Soul Searching



Chapter Three


On the other side of the horizon to Pobblestrum, and about the same distance again, laid another exquisitely enchanted village. Omnidowns consisted of an intricate web of single track roads, all of which inexplicably went downhill which ever direction you were heading. And, with similar oddness you never reached the bottom. Which ever of its narrow and weaving lanes you chose, you seemed to come across the same land marks time and again.

On the outskirts of the village there was a small wooded area which normally went completely unnoticed by passers-by. A little way in there was a small glade where the grass became shorter, the toadstools larger, and the flowers more colourful. In the height of summer, glorious heliotropes and vermilions almost shone from the undergrowth, although Alf only knew from which flowers they radiated. If any. That area seemed to continue limitlessly, beyond where the horizon should start, and your eyes would begin to go in and out of focus at that disconcerting point.

This perplexing world with its haunting beauty had a complete otherness to it, even to the locals of this idyllic dreamland. Alf was unfazed though. There again, you often wondered quite how much he actually noticed.

It seemed entirely appropriate that this was also the site of Alf's house. Not an extraordinary house as you might imagine, but a place that he could call home.

Alf Matheson was a short man with a pipe permanently fixed to his mouth that was rarely ever alight.

The people of Omnidowns, the tinkers, the tailors, and the candlestick makers, all believed their ancestors to be apes. But Alf's, according to local folklore, were gnomes. Whatever his ancestry though, Alf was a legend in that neck of the woods and probably had been for centuries. And it was easy to see why. This was the man who, while walking his dog one day, had come up with 'The Sandwich Theorem.'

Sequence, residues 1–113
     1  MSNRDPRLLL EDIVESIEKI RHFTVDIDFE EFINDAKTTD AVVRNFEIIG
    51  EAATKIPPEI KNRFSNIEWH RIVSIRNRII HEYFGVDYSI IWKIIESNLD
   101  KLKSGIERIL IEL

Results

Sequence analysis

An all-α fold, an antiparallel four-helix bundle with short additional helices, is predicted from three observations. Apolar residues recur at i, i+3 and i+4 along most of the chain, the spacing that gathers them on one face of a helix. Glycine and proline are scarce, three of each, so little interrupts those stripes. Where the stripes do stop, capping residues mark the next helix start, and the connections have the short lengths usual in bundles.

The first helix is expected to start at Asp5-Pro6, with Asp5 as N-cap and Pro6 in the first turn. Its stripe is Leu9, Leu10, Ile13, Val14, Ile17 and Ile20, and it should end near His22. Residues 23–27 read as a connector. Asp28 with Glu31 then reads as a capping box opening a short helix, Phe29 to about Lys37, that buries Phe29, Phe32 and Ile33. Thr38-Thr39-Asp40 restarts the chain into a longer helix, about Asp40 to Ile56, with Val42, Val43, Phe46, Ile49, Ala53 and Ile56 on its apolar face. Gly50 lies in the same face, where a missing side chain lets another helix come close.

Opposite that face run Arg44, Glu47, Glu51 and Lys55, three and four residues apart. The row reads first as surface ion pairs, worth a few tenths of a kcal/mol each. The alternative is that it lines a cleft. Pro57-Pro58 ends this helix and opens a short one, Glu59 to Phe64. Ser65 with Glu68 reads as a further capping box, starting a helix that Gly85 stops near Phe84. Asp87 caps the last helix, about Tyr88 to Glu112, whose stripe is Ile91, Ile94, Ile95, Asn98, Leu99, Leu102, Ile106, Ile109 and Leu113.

Alf realized that farmers had their own mystical and unfailing know-how, especially when it came to weather forecasting. They knew, for example, that red sky in the morning meant, 'shepherd's warning.' They knew when it was dark over Will's mother's house it was going to rain. And they knew it was going to rain too when the cows laid down in the fields. In fact it was a pretty safe bet that if almost anything happened it was going to rain.

Of course they did have access to the radio now as well, thanks to that new-fangled shop at the far-flung end of the diocese. So maybe, just maybe, the BBC's weather forecasts had some bearing on the farmers' wisdom too. But maybe not.

Sagacity wasn't exclusive to farmers though.

'The Sandwich Theorem' was tried, tested and proven beyond any certainty. And proven, Alf felt, without the need for mathematical investigation or scientific analysis.

Albert Einstein, eat your heart out!

Time and distance were two aspects of the same thing, and as such the same yardstick could be used to measure both. The yardstick in this case being sandwiches.

For instance, from the kissing gate that opens in to the scablands to the south of the field, to the stile that leads to the pastures in the north, you have time to eat exactly four and a half sandwiches.

It was an idea that was unquestionably second to some.

Time and tide wait for no man, no matter how many sandwiches he may have, and Alf was due at the maternity unit of Mangrove Hospital to sit dutifully, but reluctantly, beside his dear wife, Anne.

Judging by the expressions on their faces Alf was having a far harder time of it than she was. Anne comforted him patiently throughout that splurge of indelicacy otherwise known as birth.

Soul 19,789B/1103L/YO65-35 was like so many others at her tender age, and was ever so unused to her new body; how her bladder worked, her fingers, legs, and all of those niggly little bits. But at least she now had an easier name now: Judith.









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This is a work of fiction. Names, characters, businesses, places, events and incidents are either the products of the author's imagination or used in a fictitious manner. Any resemblance to actual persons, living or dead, or actual events is purely coincidental.




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